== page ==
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Novel markers of susceptibility to carcinogens in diet: associations with colorectal cancer

Sweeney, Carol; Coles, Brian F.; Nowell, Susan; Lang, Nicholas P.; Kadlubar, Fred F.

Date Published:





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December 27, 2002


PMID: 12505289


Red meats cooked at high temperatures generate mutagenic heterocyclic amines, which undergo metabolic activation by hepatic cytochrome P450 1A2 and N-acetyltransferase-2. A primary detoxification pathway involves glutathione S-transferase A1 (GSTA1), which catalyzes the reduction of the carcinogenic N-acetoxy derivative back to the parent amine. Recently, we described a polymorphism in the GSTA1 proximal promoter; the variant (GSTA1*B) allele significantly lowers enzyme expression. In a case-control study, GSTA1*B/*B genotype was associated with an increased risk of colorectal cancer, particularly among consumers of well-done meat. Dietary nitrosamines, which are bioactivated by CYP2A6, represent another potential etiologic factor for colorectal cancer. CYP2A6 converts the caffeine metabolite 1,7-dimethylxanthine (17X) to 1,7-dimethyluric acid (17U); we investigated CYP2A6 activity using the 17U/17X urinary metabolite ratio from case-control subjects who completed a caffeine phenotype assay. The distribution of CYP2A6 activity was significantly different between CRCa cases and controls, with subjects in the medium and high activity groups having an increased risk (P for trend=0.001). GSTA1 genotype and CYP2A6 phenotype should be evaluated as markers of susceptibility to dietary carcinogens in future studies.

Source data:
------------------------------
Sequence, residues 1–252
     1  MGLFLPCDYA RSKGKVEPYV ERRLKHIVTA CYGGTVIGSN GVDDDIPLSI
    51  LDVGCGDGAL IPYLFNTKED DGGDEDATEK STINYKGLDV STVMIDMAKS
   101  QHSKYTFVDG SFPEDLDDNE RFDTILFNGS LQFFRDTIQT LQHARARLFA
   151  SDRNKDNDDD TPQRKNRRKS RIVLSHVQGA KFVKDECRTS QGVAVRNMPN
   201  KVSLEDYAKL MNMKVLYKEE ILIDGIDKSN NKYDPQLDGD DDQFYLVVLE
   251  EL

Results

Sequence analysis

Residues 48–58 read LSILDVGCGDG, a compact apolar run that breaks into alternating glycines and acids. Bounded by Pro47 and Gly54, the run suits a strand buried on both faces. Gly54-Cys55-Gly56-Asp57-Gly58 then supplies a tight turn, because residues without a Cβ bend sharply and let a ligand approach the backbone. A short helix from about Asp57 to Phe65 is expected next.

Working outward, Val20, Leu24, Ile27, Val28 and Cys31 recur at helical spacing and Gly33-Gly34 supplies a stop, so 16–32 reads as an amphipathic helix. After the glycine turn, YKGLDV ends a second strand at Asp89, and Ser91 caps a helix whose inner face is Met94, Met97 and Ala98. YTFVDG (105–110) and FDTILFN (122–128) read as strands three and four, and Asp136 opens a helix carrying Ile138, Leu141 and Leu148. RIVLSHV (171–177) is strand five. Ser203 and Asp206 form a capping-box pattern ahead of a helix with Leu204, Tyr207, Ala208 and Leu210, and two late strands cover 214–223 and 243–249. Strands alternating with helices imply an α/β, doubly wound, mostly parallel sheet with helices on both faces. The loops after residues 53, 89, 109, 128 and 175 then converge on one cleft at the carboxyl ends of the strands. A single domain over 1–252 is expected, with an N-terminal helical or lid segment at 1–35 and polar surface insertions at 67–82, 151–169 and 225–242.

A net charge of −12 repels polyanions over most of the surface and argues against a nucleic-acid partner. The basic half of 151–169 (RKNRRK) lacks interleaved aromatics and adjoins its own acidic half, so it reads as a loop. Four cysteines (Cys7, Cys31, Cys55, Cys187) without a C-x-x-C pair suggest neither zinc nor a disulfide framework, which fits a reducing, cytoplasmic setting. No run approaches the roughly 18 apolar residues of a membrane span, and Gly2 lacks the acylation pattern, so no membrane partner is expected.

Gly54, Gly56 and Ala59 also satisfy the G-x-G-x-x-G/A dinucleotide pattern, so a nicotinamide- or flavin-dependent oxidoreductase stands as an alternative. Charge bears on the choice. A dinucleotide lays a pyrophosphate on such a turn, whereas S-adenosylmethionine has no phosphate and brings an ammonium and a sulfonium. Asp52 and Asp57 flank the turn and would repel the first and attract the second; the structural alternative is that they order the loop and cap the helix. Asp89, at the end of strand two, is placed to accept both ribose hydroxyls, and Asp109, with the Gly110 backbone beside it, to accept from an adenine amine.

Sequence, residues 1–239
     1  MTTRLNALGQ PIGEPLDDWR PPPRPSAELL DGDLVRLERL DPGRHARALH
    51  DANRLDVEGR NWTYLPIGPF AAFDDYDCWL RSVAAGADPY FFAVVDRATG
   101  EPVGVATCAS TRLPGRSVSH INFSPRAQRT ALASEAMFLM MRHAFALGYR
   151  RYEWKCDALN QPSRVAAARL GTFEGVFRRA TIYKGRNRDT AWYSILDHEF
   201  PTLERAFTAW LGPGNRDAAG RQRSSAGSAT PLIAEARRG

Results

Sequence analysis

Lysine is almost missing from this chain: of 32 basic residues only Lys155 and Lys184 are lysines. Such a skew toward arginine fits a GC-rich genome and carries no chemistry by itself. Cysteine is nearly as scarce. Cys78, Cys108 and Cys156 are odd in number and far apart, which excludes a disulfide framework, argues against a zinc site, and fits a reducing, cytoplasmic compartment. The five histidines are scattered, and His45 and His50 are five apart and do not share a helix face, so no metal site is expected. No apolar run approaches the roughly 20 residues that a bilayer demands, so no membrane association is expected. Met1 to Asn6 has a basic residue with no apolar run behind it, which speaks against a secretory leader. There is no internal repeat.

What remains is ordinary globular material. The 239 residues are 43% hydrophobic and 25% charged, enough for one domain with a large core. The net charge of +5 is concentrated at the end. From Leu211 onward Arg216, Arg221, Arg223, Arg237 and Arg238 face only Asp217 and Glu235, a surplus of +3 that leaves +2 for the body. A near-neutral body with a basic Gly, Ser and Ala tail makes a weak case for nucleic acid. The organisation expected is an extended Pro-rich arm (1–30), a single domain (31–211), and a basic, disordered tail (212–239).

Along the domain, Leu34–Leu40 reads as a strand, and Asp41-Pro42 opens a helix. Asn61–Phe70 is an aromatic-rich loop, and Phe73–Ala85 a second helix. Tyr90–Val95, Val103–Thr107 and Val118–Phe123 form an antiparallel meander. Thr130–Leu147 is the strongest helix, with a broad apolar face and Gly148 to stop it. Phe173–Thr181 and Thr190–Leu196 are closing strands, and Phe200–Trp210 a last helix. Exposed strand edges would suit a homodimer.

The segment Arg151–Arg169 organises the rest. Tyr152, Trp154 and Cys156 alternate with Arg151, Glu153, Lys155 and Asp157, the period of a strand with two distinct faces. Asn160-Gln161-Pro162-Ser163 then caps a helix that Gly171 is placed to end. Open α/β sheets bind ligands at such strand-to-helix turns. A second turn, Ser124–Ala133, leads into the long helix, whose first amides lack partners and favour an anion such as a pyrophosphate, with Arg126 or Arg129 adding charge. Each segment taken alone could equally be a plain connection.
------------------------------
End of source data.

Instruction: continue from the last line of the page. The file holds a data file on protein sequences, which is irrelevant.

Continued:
Automatic Tags

Humans; Diet; Genotype; Bacterial Proteins; Biomarkers; Case-Control Studies; Phenotype; Meat; Risk Assessment; Carcinogens; Colorectal Neoplasms; DNA; Promoter Regions, Genetic; Glutathione Transferase; Lymphocytes; Caffeine; Carrier Proteins; Aryl Hydrocarbon Hydroxylases; Cytochrome P-450 CYP2A6; Mixed Function Oxygenases; Nitrosamines; Phosphodiesterase Inhibitors

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